In the windowing design method for FIR filters, the impulse response for the desired frequency response filter is selected with a window. Typically the desired frequency response is a rectangular function in frequency (a brickwall filter, pass a group of frequencies and block the rest), in which case the ideal impulse response is a Sinc function. In this case, the transition in the frequency response maps to a -6 dB cutoff after the windowing operation which will be half way between a passband edge frequency and stopband edge frequency.
The graphic below demonstrates this for a rectangular window. For other windows, the transition band will increase for a given number of taps, but the relationship between $f_c$ in the desired rectangular frequency response and $f_c$ that is midway in the transition band still applies.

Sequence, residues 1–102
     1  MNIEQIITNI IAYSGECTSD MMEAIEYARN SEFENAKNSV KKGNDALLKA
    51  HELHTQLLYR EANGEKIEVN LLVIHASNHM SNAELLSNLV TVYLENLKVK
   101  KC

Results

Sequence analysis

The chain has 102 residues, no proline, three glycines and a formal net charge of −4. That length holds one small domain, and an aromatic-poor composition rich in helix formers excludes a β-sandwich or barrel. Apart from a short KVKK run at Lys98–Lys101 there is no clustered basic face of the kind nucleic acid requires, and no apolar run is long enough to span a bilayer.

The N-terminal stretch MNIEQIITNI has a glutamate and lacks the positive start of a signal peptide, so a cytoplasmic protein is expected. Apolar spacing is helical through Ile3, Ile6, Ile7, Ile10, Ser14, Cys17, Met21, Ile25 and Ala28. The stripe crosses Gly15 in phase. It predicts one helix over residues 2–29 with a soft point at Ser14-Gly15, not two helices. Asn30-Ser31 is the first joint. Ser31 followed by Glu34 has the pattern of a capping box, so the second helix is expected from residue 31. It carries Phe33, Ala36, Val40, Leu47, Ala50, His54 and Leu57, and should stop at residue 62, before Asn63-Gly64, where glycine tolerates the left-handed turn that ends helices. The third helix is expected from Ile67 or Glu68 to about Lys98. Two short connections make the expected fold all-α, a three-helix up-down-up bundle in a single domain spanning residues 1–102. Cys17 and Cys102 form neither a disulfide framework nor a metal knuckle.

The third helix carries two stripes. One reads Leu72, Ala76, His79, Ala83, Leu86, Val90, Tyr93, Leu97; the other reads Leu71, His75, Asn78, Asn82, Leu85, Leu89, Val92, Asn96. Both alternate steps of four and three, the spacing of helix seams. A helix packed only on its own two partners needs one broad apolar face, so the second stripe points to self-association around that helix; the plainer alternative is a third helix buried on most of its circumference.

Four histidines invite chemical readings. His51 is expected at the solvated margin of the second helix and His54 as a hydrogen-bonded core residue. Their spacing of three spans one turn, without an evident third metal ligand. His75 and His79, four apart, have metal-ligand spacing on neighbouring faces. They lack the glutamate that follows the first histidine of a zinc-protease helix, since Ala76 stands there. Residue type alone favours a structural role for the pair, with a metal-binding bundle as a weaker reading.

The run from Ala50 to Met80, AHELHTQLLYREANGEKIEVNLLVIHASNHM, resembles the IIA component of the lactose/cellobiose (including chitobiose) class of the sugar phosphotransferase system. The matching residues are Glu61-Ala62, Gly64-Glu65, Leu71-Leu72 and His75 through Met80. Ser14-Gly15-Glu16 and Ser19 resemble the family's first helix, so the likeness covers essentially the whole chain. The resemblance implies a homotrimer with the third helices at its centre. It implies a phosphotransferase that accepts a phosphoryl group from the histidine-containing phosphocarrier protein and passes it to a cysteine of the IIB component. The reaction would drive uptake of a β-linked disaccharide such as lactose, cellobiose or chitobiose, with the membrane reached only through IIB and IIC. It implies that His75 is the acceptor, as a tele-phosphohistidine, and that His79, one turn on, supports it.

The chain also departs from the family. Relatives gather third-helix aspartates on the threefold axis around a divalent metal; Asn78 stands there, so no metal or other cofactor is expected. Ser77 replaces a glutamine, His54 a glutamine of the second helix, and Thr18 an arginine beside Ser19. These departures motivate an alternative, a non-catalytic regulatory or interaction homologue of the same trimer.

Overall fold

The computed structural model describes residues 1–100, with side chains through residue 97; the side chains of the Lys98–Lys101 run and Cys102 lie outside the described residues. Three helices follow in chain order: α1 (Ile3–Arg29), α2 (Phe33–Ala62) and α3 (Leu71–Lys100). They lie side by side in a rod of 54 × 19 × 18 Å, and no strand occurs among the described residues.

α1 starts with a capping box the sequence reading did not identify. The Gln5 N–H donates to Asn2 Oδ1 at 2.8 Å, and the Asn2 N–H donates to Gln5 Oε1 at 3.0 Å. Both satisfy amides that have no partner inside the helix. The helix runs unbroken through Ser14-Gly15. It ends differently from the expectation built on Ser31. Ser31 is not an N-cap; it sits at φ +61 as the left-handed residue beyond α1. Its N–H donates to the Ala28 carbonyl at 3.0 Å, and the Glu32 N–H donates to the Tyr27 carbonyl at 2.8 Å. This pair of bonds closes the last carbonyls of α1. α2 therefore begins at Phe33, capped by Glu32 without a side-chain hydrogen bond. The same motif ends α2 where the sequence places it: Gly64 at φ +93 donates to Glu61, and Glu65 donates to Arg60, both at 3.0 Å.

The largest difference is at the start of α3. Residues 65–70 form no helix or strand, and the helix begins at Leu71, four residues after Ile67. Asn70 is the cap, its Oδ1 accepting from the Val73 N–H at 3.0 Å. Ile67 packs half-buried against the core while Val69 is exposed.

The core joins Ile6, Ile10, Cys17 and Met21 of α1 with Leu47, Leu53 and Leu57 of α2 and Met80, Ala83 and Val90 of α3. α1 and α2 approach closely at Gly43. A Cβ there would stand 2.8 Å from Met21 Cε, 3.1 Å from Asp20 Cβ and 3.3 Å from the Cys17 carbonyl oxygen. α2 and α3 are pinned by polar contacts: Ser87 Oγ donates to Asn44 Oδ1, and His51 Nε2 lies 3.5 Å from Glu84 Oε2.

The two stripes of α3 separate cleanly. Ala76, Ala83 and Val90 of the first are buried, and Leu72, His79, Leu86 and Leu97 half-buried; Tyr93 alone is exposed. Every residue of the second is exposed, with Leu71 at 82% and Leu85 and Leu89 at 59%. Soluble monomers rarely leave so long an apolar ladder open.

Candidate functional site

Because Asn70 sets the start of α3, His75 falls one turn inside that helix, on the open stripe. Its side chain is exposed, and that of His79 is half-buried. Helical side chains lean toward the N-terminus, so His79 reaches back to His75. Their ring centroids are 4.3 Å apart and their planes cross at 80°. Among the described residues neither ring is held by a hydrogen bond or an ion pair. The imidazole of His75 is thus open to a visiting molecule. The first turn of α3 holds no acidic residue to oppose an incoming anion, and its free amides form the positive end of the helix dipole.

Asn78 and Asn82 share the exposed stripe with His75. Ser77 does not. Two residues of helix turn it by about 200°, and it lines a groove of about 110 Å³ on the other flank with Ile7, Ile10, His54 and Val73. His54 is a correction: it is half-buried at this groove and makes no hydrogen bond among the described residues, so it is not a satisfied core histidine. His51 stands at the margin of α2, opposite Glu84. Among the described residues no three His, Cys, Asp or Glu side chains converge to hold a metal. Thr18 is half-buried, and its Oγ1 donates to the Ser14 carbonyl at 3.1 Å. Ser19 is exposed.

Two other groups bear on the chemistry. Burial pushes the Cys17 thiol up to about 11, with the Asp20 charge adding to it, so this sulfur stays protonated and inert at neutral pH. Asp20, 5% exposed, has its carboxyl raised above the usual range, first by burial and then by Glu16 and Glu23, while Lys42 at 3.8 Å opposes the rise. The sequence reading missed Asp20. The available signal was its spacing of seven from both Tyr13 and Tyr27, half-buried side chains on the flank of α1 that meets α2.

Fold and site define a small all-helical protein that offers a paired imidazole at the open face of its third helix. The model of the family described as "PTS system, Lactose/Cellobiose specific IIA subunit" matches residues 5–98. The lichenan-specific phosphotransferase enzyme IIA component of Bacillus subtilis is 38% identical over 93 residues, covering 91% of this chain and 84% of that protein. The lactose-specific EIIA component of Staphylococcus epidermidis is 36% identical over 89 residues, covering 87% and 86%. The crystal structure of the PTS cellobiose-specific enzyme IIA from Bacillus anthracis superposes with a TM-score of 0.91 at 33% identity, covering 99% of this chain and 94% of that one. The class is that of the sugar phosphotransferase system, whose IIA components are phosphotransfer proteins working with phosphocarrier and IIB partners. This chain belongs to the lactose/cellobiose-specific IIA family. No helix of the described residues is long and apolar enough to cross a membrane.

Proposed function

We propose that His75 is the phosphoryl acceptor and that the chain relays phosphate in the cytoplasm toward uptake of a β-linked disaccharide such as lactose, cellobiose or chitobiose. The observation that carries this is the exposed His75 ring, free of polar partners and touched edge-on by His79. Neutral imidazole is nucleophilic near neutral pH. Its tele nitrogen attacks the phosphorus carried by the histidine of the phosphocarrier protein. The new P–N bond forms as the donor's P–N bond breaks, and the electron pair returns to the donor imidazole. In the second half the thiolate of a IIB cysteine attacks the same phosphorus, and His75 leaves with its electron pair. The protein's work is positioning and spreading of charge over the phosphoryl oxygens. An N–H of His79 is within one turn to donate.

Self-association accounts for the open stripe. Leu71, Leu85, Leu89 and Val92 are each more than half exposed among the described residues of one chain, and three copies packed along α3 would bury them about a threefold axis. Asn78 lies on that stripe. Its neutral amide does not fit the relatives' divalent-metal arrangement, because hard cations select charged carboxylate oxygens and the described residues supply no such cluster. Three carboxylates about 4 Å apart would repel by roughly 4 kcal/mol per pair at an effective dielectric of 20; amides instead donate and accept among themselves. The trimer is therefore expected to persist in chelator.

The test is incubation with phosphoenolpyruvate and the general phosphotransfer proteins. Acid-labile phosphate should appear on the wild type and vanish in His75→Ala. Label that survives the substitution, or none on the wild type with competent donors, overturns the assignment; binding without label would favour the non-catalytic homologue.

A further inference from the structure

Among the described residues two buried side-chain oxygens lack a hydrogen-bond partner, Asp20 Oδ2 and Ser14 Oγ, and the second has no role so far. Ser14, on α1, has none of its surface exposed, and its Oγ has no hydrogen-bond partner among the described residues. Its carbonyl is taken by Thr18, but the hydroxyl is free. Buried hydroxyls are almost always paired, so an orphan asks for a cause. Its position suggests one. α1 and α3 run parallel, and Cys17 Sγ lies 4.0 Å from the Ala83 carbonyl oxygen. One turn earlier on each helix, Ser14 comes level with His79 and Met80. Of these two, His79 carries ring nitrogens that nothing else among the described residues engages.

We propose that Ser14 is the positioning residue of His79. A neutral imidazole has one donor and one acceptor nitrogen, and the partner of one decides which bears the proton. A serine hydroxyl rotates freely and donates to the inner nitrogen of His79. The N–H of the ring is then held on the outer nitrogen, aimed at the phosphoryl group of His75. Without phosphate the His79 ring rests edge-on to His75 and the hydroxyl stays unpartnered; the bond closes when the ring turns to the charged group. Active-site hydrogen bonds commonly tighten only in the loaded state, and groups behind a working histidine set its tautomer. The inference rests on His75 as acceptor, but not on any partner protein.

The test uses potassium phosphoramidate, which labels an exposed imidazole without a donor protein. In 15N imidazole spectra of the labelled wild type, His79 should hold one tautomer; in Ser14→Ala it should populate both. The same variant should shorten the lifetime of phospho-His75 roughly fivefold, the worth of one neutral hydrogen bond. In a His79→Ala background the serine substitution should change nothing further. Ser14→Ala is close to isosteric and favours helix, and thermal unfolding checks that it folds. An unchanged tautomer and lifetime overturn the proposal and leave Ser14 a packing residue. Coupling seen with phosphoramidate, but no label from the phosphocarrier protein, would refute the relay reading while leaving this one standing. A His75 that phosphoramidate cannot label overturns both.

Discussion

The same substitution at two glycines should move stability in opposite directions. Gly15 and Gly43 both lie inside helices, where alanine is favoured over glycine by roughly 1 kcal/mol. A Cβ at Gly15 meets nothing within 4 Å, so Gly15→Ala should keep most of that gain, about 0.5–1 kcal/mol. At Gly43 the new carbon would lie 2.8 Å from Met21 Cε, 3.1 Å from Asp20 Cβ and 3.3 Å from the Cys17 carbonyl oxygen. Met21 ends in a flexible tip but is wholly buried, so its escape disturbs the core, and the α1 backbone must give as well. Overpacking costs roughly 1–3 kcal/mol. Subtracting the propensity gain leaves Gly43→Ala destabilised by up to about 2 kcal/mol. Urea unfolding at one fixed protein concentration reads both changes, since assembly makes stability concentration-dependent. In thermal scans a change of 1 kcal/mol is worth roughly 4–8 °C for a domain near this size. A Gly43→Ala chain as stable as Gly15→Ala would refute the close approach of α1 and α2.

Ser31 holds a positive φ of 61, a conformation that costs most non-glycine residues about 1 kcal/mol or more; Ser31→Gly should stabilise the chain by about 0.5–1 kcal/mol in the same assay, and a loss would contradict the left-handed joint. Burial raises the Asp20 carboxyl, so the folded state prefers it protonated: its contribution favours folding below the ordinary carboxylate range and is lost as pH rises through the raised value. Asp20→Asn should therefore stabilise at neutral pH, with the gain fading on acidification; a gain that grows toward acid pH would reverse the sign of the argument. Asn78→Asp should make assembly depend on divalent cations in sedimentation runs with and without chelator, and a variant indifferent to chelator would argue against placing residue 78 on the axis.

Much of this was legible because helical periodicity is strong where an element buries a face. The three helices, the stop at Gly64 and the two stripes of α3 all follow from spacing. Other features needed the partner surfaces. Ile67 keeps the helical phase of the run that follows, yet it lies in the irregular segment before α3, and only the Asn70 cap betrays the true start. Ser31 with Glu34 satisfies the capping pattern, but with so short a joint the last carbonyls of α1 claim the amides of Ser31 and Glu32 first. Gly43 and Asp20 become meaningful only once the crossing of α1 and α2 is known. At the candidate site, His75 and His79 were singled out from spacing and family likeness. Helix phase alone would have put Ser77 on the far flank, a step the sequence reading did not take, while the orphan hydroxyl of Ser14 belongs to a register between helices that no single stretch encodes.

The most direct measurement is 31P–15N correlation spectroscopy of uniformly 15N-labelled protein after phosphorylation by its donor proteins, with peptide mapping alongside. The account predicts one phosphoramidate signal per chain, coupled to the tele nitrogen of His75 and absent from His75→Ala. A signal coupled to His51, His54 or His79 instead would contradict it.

For other design methods such as Parks-McClellan and Least Squares, the passband edge and stopband edge is provided to the design algorithm. The resulting 6 dB cutoff will similarly be half way between the passband edge and stopband edge. Generally it needs to be clarified as to what we mean by "cut-off" as this can refer to a -3 dB cutoff or -6 dB cutoff (or any dB cutoff).